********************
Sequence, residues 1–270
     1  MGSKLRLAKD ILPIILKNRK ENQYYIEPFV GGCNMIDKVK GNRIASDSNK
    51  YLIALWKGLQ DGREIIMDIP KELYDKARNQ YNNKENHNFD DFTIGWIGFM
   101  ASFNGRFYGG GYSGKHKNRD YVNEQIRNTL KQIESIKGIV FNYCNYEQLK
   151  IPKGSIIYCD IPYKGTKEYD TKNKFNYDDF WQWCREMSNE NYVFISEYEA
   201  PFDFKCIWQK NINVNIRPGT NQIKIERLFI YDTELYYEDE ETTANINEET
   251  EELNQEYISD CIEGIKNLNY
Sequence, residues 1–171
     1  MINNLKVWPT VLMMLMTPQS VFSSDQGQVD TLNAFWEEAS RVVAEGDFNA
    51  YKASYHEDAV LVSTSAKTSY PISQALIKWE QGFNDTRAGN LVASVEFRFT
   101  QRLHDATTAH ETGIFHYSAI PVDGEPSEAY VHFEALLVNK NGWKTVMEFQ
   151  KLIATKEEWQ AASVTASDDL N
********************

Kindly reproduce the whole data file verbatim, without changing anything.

Sequence, residues 1–270
     1  MGSKLRLAKD ILPIILKNRK ENQYYIEPFV GGCNMIDKVK GNRIASDSNK
    51  YLIALWKGLQ DGREIIMDIP KELYDKARNQ YNNKENHNFD DFTIGWIGFM
   101  ASFNGRFYGG GYSGKHKNRD YVNEQIRNTL KQIESIKGIV FNYCNYEQLK
   151  IPKGSIIYCD IPYKGTKEYD TKNKFNYDDF WQWCREMSNE NYVFISEYEA
   201  PFDFKCIWQK NINVNIRPGT NQIKIERLFI YDTELYYEDE ETTANINEET
   251  EELNQEYISD CIEGIKNLNY
Sequence, residues 1–171
     1  MINNLKVWPT VLMMLMTPQS VFSSDQGQVD TLNAFWEEAS RVVAEGDFNA
    51  YKASYHEDAV LVSTSAKTSY PISQALIKWE QGFNDTRAGN LVASVEFRFT
   101  QRLHDATTAH ETGIFHYSAI PVDGEPSEAY VHFEALLVNK NGWKTVMEFQ
   151  KLIATKEEWQ AASVTASDDL N